This week’s mix is sooo good and perfect for the lovely spring weather we’re currently enjoying here in London. It comes from Cameo Culture, who we first became aware of back when he released a lush track called ‘Night Swimming’ via No.19 Music. Since then he’s been working behind-the-scenes with Wolf + Lamb, putting his engineering skills to great use for the excellent label. He’s also been hard at work on his own album project, Burning Bright, which is out now… in light of that, we thought we should have a chat with him about the LP as well as giving our Deep House London followers a great mix to listen to!

Download Mix HereBuy The Album Here

Tell us, firstly, about your background with regard to electronic music… how did you first come into contact with it? What made you decide to start to make it? And when did it become a full-time vocation for you, as opposed to a hobby?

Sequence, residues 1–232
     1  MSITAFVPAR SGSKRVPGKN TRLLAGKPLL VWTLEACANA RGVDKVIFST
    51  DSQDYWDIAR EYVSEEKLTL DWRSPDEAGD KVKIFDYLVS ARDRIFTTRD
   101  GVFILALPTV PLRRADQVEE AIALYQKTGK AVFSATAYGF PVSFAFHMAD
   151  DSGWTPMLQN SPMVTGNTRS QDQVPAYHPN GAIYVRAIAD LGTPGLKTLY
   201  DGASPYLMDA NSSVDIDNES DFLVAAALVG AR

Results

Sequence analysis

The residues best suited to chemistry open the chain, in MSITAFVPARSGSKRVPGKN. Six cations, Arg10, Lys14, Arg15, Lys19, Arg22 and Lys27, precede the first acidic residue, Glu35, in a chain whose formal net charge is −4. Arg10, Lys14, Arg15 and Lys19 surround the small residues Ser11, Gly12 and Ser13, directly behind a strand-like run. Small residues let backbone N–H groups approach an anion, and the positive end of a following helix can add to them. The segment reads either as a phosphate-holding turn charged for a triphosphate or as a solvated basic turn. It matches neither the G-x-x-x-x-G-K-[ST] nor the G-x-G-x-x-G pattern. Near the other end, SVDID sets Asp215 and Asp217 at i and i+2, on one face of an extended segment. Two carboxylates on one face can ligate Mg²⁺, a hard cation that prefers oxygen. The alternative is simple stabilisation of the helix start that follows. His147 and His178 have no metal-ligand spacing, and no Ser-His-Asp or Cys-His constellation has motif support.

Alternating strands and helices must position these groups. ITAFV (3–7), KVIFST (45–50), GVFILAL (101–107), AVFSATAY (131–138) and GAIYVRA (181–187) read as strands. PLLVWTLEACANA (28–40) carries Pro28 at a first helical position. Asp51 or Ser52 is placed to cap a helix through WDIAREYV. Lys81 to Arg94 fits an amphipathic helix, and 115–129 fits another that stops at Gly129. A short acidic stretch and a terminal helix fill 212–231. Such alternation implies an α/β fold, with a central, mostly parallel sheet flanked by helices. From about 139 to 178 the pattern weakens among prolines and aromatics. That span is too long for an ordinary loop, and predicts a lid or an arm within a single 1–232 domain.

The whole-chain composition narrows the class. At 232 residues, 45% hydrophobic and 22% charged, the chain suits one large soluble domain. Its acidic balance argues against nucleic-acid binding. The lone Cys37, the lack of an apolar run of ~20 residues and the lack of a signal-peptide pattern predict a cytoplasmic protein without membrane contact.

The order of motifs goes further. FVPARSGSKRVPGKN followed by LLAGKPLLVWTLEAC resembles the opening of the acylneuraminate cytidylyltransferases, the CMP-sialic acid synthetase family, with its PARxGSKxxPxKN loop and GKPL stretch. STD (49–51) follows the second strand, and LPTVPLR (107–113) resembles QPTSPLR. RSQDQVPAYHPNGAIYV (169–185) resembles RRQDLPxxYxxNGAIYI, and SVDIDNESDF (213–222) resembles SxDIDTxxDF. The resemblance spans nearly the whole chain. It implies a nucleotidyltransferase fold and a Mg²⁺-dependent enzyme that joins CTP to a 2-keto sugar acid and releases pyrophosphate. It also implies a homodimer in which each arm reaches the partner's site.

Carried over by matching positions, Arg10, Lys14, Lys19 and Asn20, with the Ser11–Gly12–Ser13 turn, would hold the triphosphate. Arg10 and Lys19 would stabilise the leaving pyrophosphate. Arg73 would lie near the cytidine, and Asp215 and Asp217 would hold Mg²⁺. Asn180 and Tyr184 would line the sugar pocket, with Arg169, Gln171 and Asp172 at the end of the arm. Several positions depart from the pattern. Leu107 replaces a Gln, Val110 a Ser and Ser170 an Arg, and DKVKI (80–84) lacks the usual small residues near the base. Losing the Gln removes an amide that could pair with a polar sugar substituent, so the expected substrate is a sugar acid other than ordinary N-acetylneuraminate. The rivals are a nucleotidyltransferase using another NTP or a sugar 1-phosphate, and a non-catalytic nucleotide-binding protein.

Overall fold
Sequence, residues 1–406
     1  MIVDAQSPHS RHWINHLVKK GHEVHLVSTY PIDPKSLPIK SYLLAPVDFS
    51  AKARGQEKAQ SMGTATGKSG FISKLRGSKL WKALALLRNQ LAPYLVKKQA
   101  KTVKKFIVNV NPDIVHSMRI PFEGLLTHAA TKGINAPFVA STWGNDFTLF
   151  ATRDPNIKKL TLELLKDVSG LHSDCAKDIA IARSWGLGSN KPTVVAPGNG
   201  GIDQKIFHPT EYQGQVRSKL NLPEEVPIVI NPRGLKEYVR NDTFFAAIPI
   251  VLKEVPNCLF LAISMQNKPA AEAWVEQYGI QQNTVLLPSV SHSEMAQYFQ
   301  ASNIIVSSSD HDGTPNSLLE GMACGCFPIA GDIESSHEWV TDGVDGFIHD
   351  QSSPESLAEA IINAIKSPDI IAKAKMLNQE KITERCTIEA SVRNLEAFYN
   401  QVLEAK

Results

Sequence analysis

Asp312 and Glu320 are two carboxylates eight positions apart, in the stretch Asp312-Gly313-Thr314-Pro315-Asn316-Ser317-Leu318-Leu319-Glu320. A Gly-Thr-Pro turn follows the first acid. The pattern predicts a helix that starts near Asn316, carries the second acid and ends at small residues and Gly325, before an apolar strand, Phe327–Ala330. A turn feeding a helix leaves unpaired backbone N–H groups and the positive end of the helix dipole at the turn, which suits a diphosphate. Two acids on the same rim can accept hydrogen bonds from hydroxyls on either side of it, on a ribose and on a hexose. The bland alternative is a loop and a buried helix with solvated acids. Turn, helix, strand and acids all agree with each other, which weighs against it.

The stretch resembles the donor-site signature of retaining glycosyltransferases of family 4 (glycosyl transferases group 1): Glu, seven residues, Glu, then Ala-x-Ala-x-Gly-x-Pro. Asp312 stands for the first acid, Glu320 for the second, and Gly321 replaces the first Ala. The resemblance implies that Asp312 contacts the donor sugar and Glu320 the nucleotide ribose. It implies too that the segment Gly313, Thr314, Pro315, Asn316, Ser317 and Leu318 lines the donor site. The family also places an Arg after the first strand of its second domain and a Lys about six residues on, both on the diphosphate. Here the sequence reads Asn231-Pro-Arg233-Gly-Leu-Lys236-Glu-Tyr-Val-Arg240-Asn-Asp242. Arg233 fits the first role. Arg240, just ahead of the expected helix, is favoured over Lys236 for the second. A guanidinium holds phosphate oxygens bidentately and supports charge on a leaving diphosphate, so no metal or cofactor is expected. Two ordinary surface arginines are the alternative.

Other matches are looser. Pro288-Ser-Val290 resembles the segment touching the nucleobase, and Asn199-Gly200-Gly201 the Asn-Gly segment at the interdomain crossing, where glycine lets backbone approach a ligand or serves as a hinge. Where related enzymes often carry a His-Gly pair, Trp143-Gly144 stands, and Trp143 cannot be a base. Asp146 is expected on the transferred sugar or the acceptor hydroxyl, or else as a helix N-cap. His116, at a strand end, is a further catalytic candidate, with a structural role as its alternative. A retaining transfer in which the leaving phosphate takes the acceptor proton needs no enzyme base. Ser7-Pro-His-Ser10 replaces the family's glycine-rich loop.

My first exposure to electronic music as a teenager was rave music, and the whole scene that went with it – jungle rhythms, fast tempos, dingy old warehouses on the far side of town, the madness, the hedonism. I was hooked right away. Once I began to develop my own tastes in house music, I developed a keen interest in how people were making this stuff. The musical training I had growing up, combined with antiquated software like Cakewalk and Fruity Loops allowed me to initially explore this landscape. I didn’t know my arse from my elbow, but it was lots of fun.

It has only recently become a full time vocation. However I definitely began to put more of myself into it after I recommenced study in jazz piano, and also went to University and studied Recording Arts, which opened up the technical side of audio to me – all aspects of recording, mixing and to some extent mastering. I am a professional mixing engineer by trade, and run my own studio out of New York, Dangly Studios.